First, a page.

Randy Chance – land caretaker
By Bob Arnold
It is said “if we take care of the land, the land will take care of us.”
For Randy Chance, the Grounds Supervisor Team Leader at Lake Lincoln State Park, it is now his turn to take care of the land that has taken care of him over the years since he settled with this family in the area near where the park now serves thousands of visitors every year.
“I grew up there,” he says. “My parents and brother and sister lived not far away in a two-bedroom ranch style house on 100 acres. I fished in nearby creeks, was baptized in one of them and learned about the outdoors in a Boy Scout Camp.”
The Chances built their home on Mission Hill Road when Randy was five years old next to the Baptist Church with the same name as the back country byway.
As part of a logging family, Chance started working at a tender age during the summers, but while he was cutting down trees for the family business between 11 and 19 years old, he also found time to play baseball on the field he remembers was on the current location of the Wesson Attendance Center (WAC) gymnasium and earned the Eagle rank in the Wesson Boy Scout Troop guided by then Co-Lin basketball Coach Alton Ricks. He went to elementary school through the eighth grade in the initial building on the site of what became WAC after the addition of the ninth through twelfth grade facility. He graduated from the high school housed at Co-Lin in 1979.
His return to care for the land that nurtured him took nearly five decades, work stops in every U.S. state except Alaska and Hawaii and a career that encompassed carpentry, the oil fields, installing fire protection equipment and making t-shirts.
After high school, Chance stayed around the area for a few years – first as a carpenter for Troy Pitts at the former Timberlane camp grounds and the company doing construction at the new Lake Lincoln Park next door, then as a delivery man for Georgetown Furniture. Soon, however, he was off to the offshore oil fields and living in Leesville, Louisiana, and moving on to do oil exploration as a seismograph operation for Jackson-based GFS from Lafayette, Louisiana.
With Goss Fire Protection headquartered in Forest, Mississippi, from 1984-1996, Chance was dispatched throughout the continental United States to install sprinkler fire protection systems. “I lived throughout the nation near government and private facilities where we did the work,” he relates. “We installed sprinkler systems at the FBI Academy at Quantico, Virginia; stealth bomber hangars in New Mexico, Saint Dominic’s Hospital in Jackson and throughout government agencies Washington, DC, among other places.”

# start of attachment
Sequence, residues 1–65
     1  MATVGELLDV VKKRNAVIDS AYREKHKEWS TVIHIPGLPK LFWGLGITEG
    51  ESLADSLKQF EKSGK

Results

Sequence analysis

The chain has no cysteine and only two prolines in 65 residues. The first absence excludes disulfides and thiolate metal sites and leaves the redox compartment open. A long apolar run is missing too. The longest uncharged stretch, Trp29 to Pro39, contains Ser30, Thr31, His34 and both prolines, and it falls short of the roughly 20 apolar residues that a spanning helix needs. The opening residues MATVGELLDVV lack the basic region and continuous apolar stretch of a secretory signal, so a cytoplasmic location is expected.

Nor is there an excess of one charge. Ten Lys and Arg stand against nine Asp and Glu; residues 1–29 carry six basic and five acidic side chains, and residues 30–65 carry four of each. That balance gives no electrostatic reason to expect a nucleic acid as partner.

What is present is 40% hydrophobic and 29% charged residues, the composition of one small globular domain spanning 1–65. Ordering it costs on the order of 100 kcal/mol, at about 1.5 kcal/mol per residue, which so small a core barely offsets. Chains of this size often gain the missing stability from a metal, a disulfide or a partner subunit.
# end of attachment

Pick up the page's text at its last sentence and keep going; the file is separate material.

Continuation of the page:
In 1996, Chance returned to his boyhood home on Mission Hill Road and started working with his mother, who was the recipient of 20 sewing machines from the retiring owner of T’s Apparel at Crystal Springs, to produce and sell their own line of Hawaiian shirts. “We changed the name of the company to Chance Apparel and made specialty for organizations and events such as the New Orleans Jazz Festival,” he says. “Mom did the sewing with employees as needed, and I was a cutter, boxer and shipper.”
Chance devoted most of his time to his ailing father after he became ill in 2006, hunting and fishing with him and caring for him as needed; and Chance Apparel cut back the nature and volume of its business while he still worked as he could. In 2014, Lake Lincoln State Park, which encompasses more than 1,000 acres of his youthful stomping grounds, hired him to help do its maintenance following his father’s death in 2013.
On October 22, Chance celebrated his sixty-fourth birthday. He lives in the old house built by his parents on ten acres of the 100 acres in which he shares ownership with his brother Greg Chance, who is retired, and his sister Pam Stamps, a Brookhaven accountant. Saying “I guess I just stayed on the road too much to get married,” he is still single, and now as the Grounds Supervisor Team Leader at the state park, he is responsible for cleaning its physical facilities, general park maintenance, electrical and plumbing systems, delimbing and other landscaping, among other needs. Helping care of at least part of the land that has helped care for him.
What are your hobbies?
I fish in Lake Lincoln and hunt behind my house. I’m a member of Mission Hill Baptist Church, but am not the most faithful attender.
What kind of music do you like?
I don’t sing or play an instrument, but I listen to country music and old rock and roll on Pandora. Maybe you could also call me a sound man for my brother-in-law Ken Stamps, who has played guitars in local bands over years. I have helped him with equipment, and he seems to like what I do.
How about movies?
I am into old westerns, particularly those with John Wayne – Rio Bavo, Rio Grande, Rio Lobo, Big Jake, McClintock and just about anything else that comes on Grit TV.
What would you do with the winnings if you won the lottery?
I would divide it with my family. I certainly couldn’t spend any big winnings on myself.
How would you change the world?
A day at a time. I can’t single out any one thing, but I would take it a day a time.